Kenya’s financial market has seen exponential growth over the past 10 years. From Mshwari from Safaricom to the plethora of digital lending apps in the country, the landscape has definitely evolved. However, neobanks have largely been non-existent in the market even when they were rising in other markets such as Nigeria and Latin America. So what was the bottleneck?
Strategic planning is paramount for neobank startups looking to succeed in Kenya’s competitive financial sector. A well-thought-out strategy can help them navigate regulatory challenges, identify market gaps, and create innovative solutions that resonate with the local population.
Understand the Kenyan financial landscape
Understanding the existing financial landscape is the foundation of any neobank’s success in Kenya. The traditional banking sector is composed of both local and international banks, and mobile money services like M-Pesa have a significant presence which according to the Central Bank of Kenya, the number of banking agents in Kenya has grown to over 200,000 with total agent transactions totalling over Ksh 5 trillion.
Identifying Opportunities and Gaps in the Market
Neobanks can identify gaps in the market by analyzing the specific needs of the Kenyan population. Some opportunities include reaching the unbanked and underbanked populations, providing affordable and accessible financial services, and catering to the digital-savvy youth.
Conducting thorough research and market analysis is crucial for neobank startups. This can involve surveys, focus groups, and data analysis to gain insights into the needs and preferences of potential customers and use of data sources such as the Kenya National Bureau of Statistics and FSD Kenya.
Regulatory compliance and licensing
Kenyan financial regulations aim to maintain the stability and integrity of the financial system. Neobanks must adhere to these regulations, including licensing requirements, to operate legally.
Central Bank of Kenya’s Regulatory Sandbox provides information on regulatory requirements for fintech companies. Financial startups then need to follow a structured process to obtain the necessary licenses. This involves engaging with regulatory authorities and meeting specific compliance criteria.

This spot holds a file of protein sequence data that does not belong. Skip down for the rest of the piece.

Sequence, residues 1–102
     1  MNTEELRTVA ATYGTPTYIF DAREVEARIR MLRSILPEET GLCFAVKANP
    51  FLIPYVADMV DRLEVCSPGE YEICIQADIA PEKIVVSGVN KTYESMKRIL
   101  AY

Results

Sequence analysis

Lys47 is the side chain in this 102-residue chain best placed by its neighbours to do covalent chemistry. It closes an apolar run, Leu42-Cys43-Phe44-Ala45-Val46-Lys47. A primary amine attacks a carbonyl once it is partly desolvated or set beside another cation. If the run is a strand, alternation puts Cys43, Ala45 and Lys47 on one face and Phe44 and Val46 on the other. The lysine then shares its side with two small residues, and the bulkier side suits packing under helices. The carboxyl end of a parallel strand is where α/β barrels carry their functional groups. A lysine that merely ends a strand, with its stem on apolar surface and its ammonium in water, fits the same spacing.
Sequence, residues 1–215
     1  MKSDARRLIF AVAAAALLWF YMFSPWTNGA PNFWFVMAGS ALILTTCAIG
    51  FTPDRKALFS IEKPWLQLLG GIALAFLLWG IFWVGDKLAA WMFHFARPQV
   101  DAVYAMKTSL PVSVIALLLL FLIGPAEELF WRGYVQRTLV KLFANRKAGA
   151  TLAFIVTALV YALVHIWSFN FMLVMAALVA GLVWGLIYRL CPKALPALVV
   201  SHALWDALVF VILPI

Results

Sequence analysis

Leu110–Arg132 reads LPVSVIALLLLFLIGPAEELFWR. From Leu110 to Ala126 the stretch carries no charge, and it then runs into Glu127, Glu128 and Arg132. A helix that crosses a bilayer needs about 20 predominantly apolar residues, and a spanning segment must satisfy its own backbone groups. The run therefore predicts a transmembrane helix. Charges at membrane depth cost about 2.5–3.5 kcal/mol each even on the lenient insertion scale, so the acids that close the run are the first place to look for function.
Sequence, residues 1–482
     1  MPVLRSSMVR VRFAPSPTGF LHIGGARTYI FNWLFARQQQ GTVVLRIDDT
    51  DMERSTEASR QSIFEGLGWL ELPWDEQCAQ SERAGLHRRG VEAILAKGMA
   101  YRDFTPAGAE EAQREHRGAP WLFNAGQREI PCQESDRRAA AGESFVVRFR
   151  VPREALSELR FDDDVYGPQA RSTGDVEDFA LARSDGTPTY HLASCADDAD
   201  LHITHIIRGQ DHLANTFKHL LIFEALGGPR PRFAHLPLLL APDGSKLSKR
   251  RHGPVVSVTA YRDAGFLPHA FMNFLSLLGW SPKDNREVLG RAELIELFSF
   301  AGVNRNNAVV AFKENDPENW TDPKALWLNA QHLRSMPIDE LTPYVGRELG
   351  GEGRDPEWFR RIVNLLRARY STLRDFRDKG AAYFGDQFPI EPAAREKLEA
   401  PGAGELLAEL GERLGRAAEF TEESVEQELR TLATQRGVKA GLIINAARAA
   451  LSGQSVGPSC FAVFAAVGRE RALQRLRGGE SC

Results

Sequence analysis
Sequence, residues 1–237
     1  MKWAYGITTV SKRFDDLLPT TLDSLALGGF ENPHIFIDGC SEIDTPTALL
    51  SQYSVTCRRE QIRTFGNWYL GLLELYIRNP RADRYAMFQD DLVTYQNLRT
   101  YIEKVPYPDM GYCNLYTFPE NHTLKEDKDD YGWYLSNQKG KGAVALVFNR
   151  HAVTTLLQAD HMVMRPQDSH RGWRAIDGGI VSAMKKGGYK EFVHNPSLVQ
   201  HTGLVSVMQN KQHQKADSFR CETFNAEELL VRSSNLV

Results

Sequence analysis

The Capital Markets Authority and the Insurance Regulatory Authority can provide information on licensing for financial services in Kenya.
Develop innovative banking solutions
Innovation is at the heart of neobanking. To stand out in Kenya’s competitive market, startups must develop products and services that meet the unique needs and expectations of their target audience.
According to a survey by FSD Kenya, 50% of Kenyans use digital financial services, making innovation in this sector particularly relevant.
Examples of innovative neobank offerings
Several neobanks in Kenya have set examples of innovative offerings. For instance, some have introduced savings and investment products that are accessible through mobile apps, making it easier for customers to grow their wealth.
Successful Kenyan neobanks like KCB M-Pesa, Equitel, and Absa’s Timiza for inspiration.
Technology is a neobank’s greatest ally. By embracing modern technology, neobanks can provide customers with a seamless and user-friendly banking experience.
According to a GSMA report, Kenya is a leader in mobile money adoption, with 66% of adults using mobile money services and the number only going up as the years go by.
Partner with local institutions
Collaborating with established financial institutions, such as banks and microfinance institutions, can open doors to resources and expertise. These partnerships can also facilitate regulatory compliance.
The Kenya Bankers Association can provide information on the banking landscape in Kenya.
Partnerships are mutually beneficial, as neobanks can leverage existing customer bases and established institutions can tap into the startups’ innovative technologies.
The Global Findex Database indicates that around 82% of the Kenyan population had a mobile money account in 2017, a significant leap in financial inclusion and thus a solution that can utilize mobile money penetration can help in improving financial inclusion.
Digital marketing and user acquisition
Digital marketing is a powerful tool for online-first startups to reach a broader audience. Leveraging online advertising, social media, and content marketing can help neobanks connect with potential customers.
As of 2023, Kenya had 14 million Facebook users which can be an ad reach of about 28% of the country’s 50 million population.
Future neobanks in Kenya
Neobank startups have the potential to disrupt the traditional banking sector by changing the status quo and bringing the services closer to people in a simplified and secure interface. The road to success may be challenging, but with the right strategies and a commitment to innovation, neobanks in Kenya can thrive in this exciting landscape.